Health wins and losses. The remarkable success of anti-smoking campaigns among adult Australians shows up clearly in revised figures issued today by the Australian Bureau of Statistics. The reissued National Health Survey for 2007-2008 shows how the proportion of Australians aged 18 and over who are current daily smokers has fallen from 22.4% in 2001 to 18.9%.

The story with other lifestyle risk factors is nowhere near as good. More adults are consuming alcohol in a risky fashion, we are getting more sedentary and fewer of us are eating enough fruit and vegetables.

Drink section keeps getting larger. That there is an increased risk from alcohol consumption will come as no surprise to anyone who glances each morning at our Crikey Breakfast media wrap. Stories on the abuse of alcohol are featuring more and more prominently in the newspapers and on the web.

There were four this morning after six yesterday while Sunday’s solitary contribution was a truly remarkable one from the Sydney Sunday Telegraph noting that two of the city’s grandest private schools had been forced because of “drunken, abusive” behaviour to ban alcohol from sports matches. And you thought it was just the kids who went a bit silly after a bit of booze drinking!

Victorian tax payers might agree. As the accumulated losses from Melbourne’s Formula One Grand Prix get higher and higher there would surely be many Victorians who agreed with the Indian Sports Ministry that F1 is not a sport but a rort. The decision of the Indian bureaucrats is apparently making it a little difficult for Bernie Eccleston and his mates to get their hands on $US 36.5 million payable to them by the promoters of the Indian grand prix. The approval of the Sports Ministry is required before the money can be remitted but the Ministry maintains that as F1 is not a sport permission cannot be granted. The Times of India quotes a Ministry spokesman saying that “the proposed F1 race does not satisfy conditions which focus on human endeavour for excelling in competition with others, keeping in view the whole sports movement from Olympics downwards.” The first Indian Grand Prix was scheduled to be held next year but its fate is now in the balance.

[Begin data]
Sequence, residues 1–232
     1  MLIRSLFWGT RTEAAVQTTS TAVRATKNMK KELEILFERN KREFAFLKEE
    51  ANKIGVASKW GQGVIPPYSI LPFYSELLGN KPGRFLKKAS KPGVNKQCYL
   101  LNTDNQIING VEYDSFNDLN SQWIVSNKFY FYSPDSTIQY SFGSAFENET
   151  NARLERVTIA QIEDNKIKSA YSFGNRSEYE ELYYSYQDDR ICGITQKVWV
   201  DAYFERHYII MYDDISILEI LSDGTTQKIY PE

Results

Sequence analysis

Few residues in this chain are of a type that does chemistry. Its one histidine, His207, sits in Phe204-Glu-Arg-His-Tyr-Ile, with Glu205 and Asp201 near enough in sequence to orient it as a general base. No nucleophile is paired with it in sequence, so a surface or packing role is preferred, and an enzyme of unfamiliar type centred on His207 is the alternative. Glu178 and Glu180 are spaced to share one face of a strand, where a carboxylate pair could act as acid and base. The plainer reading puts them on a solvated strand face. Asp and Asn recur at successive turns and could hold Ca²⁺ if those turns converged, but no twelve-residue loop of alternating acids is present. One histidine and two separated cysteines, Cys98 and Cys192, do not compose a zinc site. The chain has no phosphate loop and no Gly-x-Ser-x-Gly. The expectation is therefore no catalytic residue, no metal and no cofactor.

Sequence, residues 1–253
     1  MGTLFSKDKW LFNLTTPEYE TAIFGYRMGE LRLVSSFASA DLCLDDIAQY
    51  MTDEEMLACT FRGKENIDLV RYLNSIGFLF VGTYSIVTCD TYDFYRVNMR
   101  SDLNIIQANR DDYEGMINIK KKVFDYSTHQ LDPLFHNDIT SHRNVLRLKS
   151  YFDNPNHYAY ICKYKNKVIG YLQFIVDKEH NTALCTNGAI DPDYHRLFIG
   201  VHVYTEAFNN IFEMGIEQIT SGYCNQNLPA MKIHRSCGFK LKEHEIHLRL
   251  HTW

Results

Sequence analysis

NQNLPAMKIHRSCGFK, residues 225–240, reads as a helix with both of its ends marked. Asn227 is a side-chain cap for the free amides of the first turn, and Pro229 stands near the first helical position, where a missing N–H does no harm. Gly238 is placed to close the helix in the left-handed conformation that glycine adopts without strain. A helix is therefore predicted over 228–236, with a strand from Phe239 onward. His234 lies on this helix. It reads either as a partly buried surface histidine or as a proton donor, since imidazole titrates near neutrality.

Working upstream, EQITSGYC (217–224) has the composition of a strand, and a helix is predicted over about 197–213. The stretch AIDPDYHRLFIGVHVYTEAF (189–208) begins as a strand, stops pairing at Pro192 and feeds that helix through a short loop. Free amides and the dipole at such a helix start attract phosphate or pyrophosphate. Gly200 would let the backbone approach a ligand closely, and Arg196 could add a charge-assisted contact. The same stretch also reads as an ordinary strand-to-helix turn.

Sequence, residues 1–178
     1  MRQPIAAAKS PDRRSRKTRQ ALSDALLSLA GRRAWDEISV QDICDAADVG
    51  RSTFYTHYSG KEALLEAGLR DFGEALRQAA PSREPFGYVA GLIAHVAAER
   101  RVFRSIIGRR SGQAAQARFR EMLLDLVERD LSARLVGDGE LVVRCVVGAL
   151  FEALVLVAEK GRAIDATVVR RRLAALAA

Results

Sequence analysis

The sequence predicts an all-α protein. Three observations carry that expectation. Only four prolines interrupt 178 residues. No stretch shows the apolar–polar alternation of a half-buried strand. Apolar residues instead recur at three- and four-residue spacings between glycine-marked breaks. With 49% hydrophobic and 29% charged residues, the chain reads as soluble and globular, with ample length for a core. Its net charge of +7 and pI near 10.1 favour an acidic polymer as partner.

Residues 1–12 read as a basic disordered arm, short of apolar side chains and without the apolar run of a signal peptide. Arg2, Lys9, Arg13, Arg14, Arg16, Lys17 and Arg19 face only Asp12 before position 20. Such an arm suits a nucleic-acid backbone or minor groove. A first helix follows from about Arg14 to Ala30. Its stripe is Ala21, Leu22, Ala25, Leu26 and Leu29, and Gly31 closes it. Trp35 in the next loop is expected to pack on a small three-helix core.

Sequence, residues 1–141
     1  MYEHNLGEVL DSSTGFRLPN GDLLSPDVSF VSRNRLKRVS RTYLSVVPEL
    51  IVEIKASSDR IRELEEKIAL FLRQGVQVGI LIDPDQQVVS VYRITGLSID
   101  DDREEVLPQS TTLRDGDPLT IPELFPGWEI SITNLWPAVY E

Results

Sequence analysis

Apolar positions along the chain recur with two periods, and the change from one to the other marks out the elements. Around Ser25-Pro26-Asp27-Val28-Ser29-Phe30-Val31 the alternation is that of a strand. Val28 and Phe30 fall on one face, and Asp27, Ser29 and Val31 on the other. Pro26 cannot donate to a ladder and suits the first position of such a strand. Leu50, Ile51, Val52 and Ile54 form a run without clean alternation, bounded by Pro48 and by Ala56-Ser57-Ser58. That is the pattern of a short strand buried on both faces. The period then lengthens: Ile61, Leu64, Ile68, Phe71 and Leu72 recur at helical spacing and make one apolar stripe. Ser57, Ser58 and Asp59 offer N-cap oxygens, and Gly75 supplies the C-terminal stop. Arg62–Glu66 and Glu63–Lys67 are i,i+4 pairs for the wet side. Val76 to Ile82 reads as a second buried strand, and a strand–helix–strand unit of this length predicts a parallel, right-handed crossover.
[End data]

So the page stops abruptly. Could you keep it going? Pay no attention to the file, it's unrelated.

Let them abstain. Japanese Prime Minister Taro Aso will forever more rate near the top of any scale measuring courageous politicians. With just a couple of days to go before an election he is expected to lose Mr Aso chose to tell a group of students “If you don’t have money, you’d better not get married.” He had been asked a question about the difficulties which many young Japanese had in affording to raise a family. “It seems rather difficult to me for someone without means to win people’s respect,” said the blunt PM.